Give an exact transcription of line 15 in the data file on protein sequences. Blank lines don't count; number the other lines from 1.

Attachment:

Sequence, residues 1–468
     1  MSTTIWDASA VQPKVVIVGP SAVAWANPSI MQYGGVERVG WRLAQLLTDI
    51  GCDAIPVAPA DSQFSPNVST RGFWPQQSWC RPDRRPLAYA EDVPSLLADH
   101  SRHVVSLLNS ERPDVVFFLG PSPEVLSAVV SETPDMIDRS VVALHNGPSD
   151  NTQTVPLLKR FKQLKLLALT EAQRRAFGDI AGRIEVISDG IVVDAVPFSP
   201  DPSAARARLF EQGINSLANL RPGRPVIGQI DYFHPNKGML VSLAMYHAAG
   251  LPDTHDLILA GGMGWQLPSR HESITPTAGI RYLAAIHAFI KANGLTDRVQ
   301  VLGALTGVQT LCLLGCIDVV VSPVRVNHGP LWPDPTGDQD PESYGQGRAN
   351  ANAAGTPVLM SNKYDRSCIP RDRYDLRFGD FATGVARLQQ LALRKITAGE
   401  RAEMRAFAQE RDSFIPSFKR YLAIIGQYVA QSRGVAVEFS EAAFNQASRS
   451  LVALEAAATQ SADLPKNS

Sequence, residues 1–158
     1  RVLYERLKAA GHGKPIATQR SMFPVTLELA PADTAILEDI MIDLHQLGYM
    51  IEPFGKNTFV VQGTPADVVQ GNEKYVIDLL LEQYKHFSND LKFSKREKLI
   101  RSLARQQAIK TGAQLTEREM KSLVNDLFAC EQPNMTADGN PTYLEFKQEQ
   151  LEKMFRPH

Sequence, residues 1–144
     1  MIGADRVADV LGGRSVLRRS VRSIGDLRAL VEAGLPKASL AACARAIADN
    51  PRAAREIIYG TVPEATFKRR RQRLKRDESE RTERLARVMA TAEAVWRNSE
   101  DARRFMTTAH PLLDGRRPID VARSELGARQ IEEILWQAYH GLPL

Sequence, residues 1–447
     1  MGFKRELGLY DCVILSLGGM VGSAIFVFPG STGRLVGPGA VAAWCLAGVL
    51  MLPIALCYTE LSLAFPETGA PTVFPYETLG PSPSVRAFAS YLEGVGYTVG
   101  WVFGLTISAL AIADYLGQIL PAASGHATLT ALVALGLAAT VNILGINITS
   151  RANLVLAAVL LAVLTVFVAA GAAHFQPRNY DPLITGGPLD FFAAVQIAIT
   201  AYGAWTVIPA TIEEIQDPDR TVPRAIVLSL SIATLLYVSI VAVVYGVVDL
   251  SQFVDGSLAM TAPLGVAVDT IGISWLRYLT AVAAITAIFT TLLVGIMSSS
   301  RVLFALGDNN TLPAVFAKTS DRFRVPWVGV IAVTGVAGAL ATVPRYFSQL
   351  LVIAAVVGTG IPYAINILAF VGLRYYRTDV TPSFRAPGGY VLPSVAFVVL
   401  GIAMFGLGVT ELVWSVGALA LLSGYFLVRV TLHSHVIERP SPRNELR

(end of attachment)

   101  RSLARQQAIK TGAQLTEREM KSLVNDLFAC EQPNMTADGN PTYLEFKQEQ